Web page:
E-Mail to International Stoic Forum by Mark Travis, dated August 23, 2007

Mark is checking on some details pertaining to points of disagreement between what he writes here and what is now claimed on the main Stoa Poikilê page (which I believe is confirmed by the photos at the Athenian Agora Excavations website). We may decide to modify what is written below.--J.G.

I have some information regarding the Painted Porch which I hope would be suitable for adding to "The Stoic Place" under the "Stoa Poikile" category.  I had lunch at the Stoa Poikile in Athens a few months ago.

Stoa Poikile's Current Entryway as of 5/2007

That photo was taken while facing west from the street amongst the tables and chairs in front of the business.

There's no contemporary map which defines this address (14 Agiou Filippou Road) as referencing a building which is in the same physical location as that of the ancient Stoa Poikile.  Most of the ancient Agora (marketplace) of Athens is protected in an outdoor museum.  The ruins are clearly marked, and visitors can walk throughout the area during appropriate hours.  However, some locations which were part of the ancient Agora, including the Stoa Poikile, are outside of the boundaries of this museum, and are now covered by modern roads and buildings. 

The following three maps, together with the above image, should be proof enough that the place in the photo sits at least partially upon the  foundations of the ancient Painted Porch.

First, the closest address to that of the contemporary Stoa Poikile which Yahoo maps has is for 12 Agiou Filippou.  I don't specifically recall the entity residing at 12 Agiou Filippou, but I believe that it is very safe to assume that 12 Agiou Filippou is right next door to the current business which calls itself Stoa Poikile, pictured above, at 14 Agiou Filippou.  Yahoo pinpoints the address for the next door neighbor here, on the first map.  On that map, the "A" in the center marks the location of 12 Agiou Filippou.  Memory tells me that it's just a bit to the north of 14 Agiou Filippou, the Stoa Poikile, pictured above.  The green area just south of point "A" labelled "Archaia Agora" is the Agora museum.  Adriannou (Hadrian's Road) borders the north side of the Agora museum, and Filippou runs perpendicular to Adriannou.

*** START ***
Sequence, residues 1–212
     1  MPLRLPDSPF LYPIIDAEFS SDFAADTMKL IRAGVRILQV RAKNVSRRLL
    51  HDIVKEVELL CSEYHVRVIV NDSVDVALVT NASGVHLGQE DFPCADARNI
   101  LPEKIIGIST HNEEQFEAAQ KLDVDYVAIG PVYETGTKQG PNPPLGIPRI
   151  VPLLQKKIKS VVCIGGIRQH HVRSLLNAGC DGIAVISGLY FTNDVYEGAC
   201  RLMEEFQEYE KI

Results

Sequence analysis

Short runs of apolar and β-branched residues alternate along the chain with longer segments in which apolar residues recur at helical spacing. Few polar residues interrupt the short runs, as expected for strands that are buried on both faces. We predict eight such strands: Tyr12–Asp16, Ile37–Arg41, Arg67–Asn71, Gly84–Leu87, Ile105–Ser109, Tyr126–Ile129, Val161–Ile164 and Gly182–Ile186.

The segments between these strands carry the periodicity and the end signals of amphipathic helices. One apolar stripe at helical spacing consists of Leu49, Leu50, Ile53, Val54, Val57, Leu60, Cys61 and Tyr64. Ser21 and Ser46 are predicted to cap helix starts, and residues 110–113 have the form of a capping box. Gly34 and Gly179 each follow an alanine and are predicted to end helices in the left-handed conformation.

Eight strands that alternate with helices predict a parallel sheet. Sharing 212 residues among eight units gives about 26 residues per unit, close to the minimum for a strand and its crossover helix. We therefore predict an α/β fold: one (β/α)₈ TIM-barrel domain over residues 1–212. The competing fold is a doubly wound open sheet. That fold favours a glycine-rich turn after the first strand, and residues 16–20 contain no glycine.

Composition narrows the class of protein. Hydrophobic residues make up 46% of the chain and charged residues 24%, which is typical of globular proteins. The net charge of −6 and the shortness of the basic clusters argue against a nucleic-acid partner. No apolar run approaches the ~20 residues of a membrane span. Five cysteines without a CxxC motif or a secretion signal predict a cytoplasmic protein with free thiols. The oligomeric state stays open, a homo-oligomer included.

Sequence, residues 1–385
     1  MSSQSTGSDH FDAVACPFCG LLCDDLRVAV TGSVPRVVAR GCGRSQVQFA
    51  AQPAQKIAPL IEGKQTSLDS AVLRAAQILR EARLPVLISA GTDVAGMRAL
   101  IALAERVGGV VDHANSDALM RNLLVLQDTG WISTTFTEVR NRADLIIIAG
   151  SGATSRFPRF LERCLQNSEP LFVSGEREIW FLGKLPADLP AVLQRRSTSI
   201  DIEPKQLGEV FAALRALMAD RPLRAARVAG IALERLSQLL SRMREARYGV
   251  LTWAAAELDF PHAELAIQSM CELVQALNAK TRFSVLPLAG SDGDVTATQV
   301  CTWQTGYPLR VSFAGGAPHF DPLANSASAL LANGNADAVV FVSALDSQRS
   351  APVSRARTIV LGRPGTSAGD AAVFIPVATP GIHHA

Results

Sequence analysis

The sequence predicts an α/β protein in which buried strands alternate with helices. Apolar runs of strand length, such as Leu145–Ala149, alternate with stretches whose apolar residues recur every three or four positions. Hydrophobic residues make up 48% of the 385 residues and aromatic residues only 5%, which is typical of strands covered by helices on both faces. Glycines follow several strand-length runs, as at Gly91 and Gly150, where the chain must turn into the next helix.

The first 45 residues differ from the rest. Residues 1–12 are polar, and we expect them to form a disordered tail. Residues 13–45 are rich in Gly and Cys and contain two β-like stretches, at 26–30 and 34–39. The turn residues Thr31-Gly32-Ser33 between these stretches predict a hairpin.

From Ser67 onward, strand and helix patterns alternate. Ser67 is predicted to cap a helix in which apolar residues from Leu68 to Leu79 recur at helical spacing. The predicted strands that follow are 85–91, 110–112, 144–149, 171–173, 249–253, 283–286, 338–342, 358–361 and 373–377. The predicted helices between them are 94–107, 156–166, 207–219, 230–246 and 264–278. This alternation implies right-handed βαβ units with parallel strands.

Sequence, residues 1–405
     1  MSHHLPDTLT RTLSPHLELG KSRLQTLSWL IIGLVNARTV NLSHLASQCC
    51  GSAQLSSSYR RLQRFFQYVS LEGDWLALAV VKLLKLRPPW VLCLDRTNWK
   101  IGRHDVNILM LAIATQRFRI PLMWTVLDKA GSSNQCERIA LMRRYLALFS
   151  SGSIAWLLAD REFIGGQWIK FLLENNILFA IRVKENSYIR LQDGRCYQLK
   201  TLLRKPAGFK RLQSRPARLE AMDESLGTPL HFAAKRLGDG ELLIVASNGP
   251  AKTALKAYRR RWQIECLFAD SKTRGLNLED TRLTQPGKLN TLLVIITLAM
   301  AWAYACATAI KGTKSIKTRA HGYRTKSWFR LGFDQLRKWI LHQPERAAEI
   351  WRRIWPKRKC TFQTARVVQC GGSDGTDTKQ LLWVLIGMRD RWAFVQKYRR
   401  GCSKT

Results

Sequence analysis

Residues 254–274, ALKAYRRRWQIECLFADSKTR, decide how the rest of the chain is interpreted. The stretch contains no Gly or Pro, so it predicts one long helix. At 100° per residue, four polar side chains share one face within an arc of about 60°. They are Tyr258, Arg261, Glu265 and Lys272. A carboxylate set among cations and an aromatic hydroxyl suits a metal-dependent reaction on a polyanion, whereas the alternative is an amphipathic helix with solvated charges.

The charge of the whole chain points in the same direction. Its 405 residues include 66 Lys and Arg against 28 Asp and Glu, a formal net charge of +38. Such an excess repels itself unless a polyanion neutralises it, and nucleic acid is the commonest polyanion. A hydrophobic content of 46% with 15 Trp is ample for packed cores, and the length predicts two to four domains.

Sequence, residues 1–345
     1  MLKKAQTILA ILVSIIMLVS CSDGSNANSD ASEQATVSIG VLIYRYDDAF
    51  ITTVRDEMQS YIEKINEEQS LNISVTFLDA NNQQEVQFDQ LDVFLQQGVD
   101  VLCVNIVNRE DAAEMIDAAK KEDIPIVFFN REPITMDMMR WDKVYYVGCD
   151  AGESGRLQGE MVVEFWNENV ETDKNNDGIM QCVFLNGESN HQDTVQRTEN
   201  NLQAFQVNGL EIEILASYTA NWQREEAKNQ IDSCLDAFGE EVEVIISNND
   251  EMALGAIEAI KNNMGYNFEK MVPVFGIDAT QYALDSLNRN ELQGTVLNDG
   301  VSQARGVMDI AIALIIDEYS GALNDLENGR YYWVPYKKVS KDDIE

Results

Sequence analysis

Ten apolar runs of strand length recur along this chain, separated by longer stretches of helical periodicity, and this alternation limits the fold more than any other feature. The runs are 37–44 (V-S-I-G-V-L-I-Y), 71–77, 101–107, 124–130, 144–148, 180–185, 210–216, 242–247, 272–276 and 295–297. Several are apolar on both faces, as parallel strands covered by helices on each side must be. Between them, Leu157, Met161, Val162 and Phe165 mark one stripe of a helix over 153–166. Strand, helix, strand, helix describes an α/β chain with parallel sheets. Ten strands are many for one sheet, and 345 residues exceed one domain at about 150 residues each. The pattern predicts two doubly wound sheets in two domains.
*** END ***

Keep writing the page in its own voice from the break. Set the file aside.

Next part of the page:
The second map shows the Agora as it was prior to current times, including the Stoa Poikile.  This map (or one nearly identical to it) was available for sale at the Agora Museum in Athens for 3 euros when I visited in May.  The Agora Museum is bounded by a fence on the north border with Adriannou.  There is a gate which functions as an entry/exit point to the museum which is very close to what is described as the "Altar of 12 Gods".  I recall the exit to be just north of that point, and is on Panathenaic Way, which is labelled on the 2nd map as Panathenaenweg.  Panathenaic way no longer extends past the current grounds of the museum.  This photo was taken while standing just within the museum grounds on Panathenaic Way facing the northern gate.